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With the goal of securing Chicago’s future, Mayor Rahm Emanuel today outlined the City of Chicago’s 2012 budget proposal, which will fill a $635.7 million budget deficit without any increase to property or sales taxes or a new income tax. The City was able to avoid new taxes by identifying innovative reforms and efficiencies, and revenue enhancements and investments that will allow the City to invest in infrastructure while creating a $20 million safety net in the City’s Rainy Day fund.
“A budget is about priorities. And this deficit is an opportunity to get it right. We can either start shaping our city’s future, or let it shape us,” said Mayor Emanuel. “We’re facing a deficit of $635.7 million dollars. Smoke and mirrors and one-time fixes simply won’t get the job done. It’s time to provide Chicagoans with an honest city budget – one that focuses on current needs while still investing in our future.”
This summer, the City of Chicago released the first ever annual financial analysis – a three-year projection of city finances, as well as a financial review of the last decade. At that time, the City issued a projected 2012 budget gap – the difference between expected income and expenditures in 2012 – of $635.7 million.
Mayor Emanuel’s budget proposal includes savings – realized by cutting spending, increasing efficiencies, and additional innovations or government reforms – that add up to $417 million. The savings include vacancy reductions, layoffs, increases in debt collection, health care savings from an employee wellness program, fee waiver reforms and departmental spending reductions, among other efforts. The budget proposal includes 517 total layoffs that will be effective January 1st, and the elimination of more than 2,000 vacant positions.
Emanuel’s budget proposal also includes $238 million in investments, financing and growth, which allow the City to make key investments in infrastructure and neighborhoods. Only 11 percent – or $78 million – of the budget proposal comes from new revenue sources. These enhancements include an approximately $1.78 increase per night in the city’s portion of the hotel tax, a congestion premium on parking for central business district garages, a new vehicle sticker fee tier for heavier vehicles; valet and loading zone fee adjustments that require fair compensation for valuable city space; an increased water rate that still falls below national standards, and more just fines for criminal and negligent activity. These revenue enhancements will allow the City to continue to provide essential services while ending the “free ride” for access to City resources and property.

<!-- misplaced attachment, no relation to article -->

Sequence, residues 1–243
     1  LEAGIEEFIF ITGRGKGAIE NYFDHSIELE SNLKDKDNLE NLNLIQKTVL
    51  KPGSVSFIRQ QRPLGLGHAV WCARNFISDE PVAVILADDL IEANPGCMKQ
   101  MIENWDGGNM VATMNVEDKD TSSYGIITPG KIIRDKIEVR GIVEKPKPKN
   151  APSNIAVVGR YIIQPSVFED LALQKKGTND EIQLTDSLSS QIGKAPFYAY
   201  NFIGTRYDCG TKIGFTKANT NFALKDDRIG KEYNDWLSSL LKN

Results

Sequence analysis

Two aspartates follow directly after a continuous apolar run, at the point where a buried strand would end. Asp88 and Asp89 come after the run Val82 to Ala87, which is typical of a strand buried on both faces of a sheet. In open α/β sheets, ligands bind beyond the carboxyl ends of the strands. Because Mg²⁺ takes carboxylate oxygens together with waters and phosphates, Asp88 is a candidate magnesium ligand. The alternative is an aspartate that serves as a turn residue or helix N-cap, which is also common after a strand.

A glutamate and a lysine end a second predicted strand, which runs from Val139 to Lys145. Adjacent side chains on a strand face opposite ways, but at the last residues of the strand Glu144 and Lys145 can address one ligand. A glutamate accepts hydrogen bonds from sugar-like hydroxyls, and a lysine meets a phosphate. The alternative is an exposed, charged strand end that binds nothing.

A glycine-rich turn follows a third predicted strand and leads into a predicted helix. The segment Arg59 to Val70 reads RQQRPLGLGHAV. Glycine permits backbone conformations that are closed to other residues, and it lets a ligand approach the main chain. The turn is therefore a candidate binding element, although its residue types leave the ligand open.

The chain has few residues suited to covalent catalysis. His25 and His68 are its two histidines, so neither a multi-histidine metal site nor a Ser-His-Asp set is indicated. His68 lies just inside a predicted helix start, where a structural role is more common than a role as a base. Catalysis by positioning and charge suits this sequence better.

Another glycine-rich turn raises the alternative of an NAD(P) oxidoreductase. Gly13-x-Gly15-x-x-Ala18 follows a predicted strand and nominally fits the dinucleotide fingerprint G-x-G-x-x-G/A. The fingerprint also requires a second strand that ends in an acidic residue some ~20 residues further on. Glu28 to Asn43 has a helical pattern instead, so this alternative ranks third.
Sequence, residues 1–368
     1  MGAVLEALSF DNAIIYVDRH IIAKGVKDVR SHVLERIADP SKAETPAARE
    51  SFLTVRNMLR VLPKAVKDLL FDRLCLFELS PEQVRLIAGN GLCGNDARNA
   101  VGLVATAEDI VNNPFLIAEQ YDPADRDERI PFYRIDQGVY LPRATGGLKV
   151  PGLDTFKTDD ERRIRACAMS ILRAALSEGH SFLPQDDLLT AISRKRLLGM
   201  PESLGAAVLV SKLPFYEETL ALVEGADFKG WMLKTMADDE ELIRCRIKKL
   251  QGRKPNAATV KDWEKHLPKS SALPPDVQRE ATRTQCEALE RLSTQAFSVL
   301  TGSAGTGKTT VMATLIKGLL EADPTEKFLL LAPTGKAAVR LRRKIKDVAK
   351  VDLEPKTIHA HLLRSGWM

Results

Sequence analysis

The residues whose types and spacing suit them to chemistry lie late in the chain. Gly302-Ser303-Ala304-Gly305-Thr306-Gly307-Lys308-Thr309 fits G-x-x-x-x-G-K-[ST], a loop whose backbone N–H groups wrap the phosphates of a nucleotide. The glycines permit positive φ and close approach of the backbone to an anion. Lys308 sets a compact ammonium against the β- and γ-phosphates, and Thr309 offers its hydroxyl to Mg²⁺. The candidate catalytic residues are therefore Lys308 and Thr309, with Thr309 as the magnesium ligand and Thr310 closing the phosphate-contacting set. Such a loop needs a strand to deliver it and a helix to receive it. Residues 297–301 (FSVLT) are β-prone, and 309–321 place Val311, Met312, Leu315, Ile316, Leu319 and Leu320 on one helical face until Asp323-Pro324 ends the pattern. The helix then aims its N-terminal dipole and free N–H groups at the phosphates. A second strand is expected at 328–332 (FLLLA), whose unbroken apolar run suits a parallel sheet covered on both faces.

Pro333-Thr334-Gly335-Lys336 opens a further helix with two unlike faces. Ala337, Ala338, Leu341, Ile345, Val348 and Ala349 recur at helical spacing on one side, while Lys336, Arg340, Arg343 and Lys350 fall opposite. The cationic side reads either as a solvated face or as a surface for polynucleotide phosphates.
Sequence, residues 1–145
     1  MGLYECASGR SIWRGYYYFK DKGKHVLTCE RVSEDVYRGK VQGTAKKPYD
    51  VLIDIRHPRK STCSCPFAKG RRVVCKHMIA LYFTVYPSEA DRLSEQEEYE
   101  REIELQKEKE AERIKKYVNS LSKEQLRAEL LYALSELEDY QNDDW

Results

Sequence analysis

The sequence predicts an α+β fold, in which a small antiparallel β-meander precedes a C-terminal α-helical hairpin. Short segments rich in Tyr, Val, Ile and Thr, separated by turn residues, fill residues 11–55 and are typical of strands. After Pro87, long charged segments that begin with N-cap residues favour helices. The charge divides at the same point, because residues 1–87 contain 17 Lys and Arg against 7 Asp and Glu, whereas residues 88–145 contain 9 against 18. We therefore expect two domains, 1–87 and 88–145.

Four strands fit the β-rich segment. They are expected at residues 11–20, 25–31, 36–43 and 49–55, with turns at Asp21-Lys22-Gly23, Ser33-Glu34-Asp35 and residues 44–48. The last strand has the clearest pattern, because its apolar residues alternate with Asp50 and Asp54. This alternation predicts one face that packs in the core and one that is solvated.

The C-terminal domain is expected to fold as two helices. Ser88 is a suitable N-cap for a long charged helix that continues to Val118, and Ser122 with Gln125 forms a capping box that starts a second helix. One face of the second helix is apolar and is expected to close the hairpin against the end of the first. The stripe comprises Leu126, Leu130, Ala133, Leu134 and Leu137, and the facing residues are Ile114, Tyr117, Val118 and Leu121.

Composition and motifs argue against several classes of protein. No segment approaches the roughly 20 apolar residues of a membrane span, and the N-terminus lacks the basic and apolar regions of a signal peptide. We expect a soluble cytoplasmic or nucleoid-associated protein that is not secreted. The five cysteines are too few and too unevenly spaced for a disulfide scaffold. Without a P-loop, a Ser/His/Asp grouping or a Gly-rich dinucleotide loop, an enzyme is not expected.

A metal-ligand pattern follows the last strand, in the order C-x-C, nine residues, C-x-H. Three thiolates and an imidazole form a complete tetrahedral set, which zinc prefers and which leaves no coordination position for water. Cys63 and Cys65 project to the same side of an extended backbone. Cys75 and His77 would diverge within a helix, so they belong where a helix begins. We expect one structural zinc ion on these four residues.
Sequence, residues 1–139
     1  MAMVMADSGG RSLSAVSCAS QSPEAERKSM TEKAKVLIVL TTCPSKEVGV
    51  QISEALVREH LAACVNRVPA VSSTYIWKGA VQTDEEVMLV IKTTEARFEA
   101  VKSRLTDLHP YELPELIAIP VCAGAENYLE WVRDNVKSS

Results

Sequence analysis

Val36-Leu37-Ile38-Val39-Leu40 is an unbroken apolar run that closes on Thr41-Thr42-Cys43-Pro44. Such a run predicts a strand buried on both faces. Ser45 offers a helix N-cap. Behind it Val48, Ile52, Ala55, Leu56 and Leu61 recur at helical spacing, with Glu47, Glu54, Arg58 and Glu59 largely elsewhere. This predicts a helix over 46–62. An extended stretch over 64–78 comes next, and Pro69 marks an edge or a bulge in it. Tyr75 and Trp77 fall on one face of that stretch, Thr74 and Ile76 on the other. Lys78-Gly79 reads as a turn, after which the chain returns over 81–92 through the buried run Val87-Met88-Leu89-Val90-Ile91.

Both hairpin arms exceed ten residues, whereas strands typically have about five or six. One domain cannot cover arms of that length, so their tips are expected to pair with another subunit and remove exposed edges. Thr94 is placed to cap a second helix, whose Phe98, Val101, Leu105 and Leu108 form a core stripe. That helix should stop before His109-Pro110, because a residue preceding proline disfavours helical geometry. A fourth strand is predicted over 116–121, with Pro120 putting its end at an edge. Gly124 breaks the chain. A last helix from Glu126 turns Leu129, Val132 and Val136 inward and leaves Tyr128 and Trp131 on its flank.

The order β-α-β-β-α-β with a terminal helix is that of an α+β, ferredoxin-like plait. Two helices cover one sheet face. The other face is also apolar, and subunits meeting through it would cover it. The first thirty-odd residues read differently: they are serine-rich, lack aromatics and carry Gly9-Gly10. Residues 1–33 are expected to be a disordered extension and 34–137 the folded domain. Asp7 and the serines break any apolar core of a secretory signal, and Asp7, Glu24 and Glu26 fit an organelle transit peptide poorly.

The 2012 budget proposal includes a critical investment and jobs program launched to update the City’s aging water system. An increase in water and sewer fees will be used to fund an ambitious infrastructure improvement program that will lead to the replacement of 900 miles of century-old water pipes; the relining of 750 miles of sewer lines; the relining of 140,000 sewer catch basins; and the upgrade of the City’s four aging, steam-powered water pumping stations. Further, and most importantly, it will boost the City’s economy by creating 18,000 jobs over the next 10 years. This will be one of the largest infrastructure projects in the country initiated by a city.